xt7kpr7msp1d https://exploreuk.uky.edu/dips/xt7kpr7msp1d/data/mets.xml Jewish Federation of the Bluegrass Kentucky Jewish Federation of the Bluegrass 1986-10 Newsletter of the Jewish Federation of the Bluegrass, previously named the Central Kentucky Jewish Association and Central Kentucky Jewish Federation. The Federation seeks to bring Jewish community members together through holiday parties, lectures, Yiddish courses, meals, and other celebrations of Jewish heritage and culture. They also host fundraisers and provide financial assistance for Jews in need, both locally and around the world. newsletters  English Jewish Federation of the Bluegrass  Contact the Special Collections Research Center for information regarding rights and use of this collection. Jewish Federation of the Bluegrass records Jews -- Kentucky -- Lexington Jews -- History Central Kentucky Jewish Federation newsletter, September 1986, volume 9 number 7 text Central Kentucky Jewish Federation newsletter, September 1986, volume 9 number 7 1986 1986-10 2020 true xt7kpr7msp1d section xt7kpr7msp1d  








No. 7



by Charlotte L. Levy

Heed ye the sound of the shofar,
The blast that is blown, O my people.

Have you ever wondered to what extent
the haunting and piercing sound of the
shofar compels even the most secular Jew
to wind his or her way to the synagogue or
temple during the High Holidays?


On Rosh Hashanah, the shofar calls us
to a ”spiritual awakening.” It is a
powerful symbol that seems to captivate
the soul, connecting every Jew to his or
her unconscious and primordial past. In
fact, the shofar is one of the oldest
elements of the holiday. The Torah speaks
of Rosh Hashanah as Yom Terurah (the day
of the sounding of the shofar). The
sounding of the shofar is a very ancient
ritual of the Jewish people, and its
origins are shrouded in mystery. There-
fore; it has been a perfect subject for

Sa’adya Gaon (b. 880 8.5.) was one of
the last and most illustrious of the
Gaonim. The Gaonim were the arbiters of
Jewish law in the post-Talmudic era, and
they headed the powerful Babylonian
academies. Sa’adya cited 10 reasons for
the sounding of the shofar on Rosh
Hashanah. His reasons included: the
proclamation of the rule of G—d; a call
for repentance; a reminder of the giving
of the Torah at Sinai; recalling the
destruction of the Temple; and the
ever—awaited sound announcing the
Messianic age. Another explanation
suggests that the sound of the shofar
awakens G-d to our pleas for mercy. Moses
Maimonides (b. 1135 C.E.) understood the
sound of the shofar as a summons to human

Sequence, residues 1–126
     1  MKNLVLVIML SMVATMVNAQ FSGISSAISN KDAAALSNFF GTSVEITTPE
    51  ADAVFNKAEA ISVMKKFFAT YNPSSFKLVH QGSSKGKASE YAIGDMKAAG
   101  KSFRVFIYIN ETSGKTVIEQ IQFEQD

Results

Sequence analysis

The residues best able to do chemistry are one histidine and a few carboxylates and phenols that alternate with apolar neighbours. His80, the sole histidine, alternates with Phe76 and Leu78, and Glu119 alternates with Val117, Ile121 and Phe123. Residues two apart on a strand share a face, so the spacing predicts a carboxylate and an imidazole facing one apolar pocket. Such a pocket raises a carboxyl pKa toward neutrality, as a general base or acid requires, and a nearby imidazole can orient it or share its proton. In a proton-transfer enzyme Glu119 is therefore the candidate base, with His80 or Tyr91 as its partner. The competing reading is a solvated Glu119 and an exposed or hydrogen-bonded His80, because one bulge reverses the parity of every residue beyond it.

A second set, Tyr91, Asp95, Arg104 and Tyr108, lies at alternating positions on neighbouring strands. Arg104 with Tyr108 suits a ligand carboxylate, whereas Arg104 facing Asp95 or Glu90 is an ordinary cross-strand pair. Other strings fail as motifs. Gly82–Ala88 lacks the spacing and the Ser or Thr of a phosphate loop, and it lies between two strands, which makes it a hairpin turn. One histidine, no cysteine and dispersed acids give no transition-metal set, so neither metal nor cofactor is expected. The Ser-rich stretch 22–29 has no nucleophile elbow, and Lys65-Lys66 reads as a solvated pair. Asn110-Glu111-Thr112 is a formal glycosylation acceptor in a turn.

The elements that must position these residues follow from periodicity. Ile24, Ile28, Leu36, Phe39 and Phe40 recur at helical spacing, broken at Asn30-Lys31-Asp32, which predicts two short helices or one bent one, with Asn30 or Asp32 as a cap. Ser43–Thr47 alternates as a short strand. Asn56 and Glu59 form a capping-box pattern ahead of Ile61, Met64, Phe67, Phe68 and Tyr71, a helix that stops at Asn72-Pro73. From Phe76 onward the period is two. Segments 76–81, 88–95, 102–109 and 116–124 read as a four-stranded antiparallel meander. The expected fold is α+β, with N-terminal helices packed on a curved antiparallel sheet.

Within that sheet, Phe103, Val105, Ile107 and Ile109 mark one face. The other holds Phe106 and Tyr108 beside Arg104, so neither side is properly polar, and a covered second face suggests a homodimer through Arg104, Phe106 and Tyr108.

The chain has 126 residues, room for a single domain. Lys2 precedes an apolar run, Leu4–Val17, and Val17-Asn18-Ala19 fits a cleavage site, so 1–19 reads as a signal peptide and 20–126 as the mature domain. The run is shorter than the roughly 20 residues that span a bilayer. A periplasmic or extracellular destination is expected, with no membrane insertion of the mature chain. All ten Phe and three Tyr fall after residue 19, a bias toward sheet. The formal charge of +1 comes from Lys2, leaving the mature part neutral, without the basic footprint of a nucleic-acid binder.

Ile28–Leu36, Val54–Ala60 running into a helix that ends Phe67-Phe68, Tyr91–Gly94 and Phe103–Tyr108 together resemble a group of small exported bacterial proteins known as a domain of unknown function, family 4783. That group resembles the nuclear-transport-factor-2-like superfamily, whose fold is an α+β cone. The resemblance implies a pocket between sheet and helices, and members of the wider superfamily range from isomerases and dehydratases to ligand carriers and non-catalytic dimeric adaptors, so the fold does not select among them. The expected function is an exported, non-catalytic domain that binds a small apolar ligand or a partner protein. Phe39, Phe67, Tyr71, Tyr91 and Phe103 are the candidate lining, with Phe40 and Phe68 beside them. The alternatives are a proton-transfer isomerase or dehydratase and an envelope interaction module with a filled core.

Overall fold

beings to become introspective, examine
their deeds and turn to G-d in repentance.

The Rosh Hashanah shofar blowing
consists of combinations of three distinct
sounds: ti:3§e—yah, shi’va-reem_ and
ti’roo-ah. Ti’kee—yah is a sustained
blast with a lift at the end. Shi’va-reem
is three short blasts with a lift at the

continued on page 3 ....... . ..............





Susan Cantor, 1986—87 Forum Chair

The lineup for this year’s CKJF Forum
Series was announced recently by committee
.chair Susan Cantor. It includes two guest
speakers, Debra Dash Moore and Gloria
Goldreich, and the popular Jewish music
group Reguesh. Tickets for this series
are now on sale.


Debra Dash Moore

On Sunday evening, Nov. 2, at Temple
Adath Israel, the noted author, sociolo—
gist and historian Debra Dash Moore opens
this year’s Forum. Chairman of the
Department of Religion and associate
professor of Jewish Studies at Vassar
College, Moore is held in high regard for
her extensive studies and presentations on
the culture of American Jews. Her inter-
ests cover a broad spectrum, ranging from
historical research on Jewish American
institutions, religious and social, to
sociological research on various segments
within the American Jewish community. Her
topic on Nov. 2 will be “Jewish Migration
and Community".

Reguesh, the Jewish musical group from
Buenos Aires, Argentina will perform on
Sunday evening, Feb. 1 at the Recital Hall
at U.K. Center for the Arts. This ensem-
ble has performed at song festivals and
folkdance festivals across South America
and Israel and has developed an enthusias-
tic following along the way. Presented in
conjunction with, U.K.’s Latin American
Studies Program, this spirited evening of
entertainment is sure to catch the fancy
of both the young and young—at—heart.

Prize—winning author of Lgath Journe~,
Gloria Goldreich will conclude this year’s
Forum series with a lecture on Sunday
evening June 7 at Temple Adath Israel.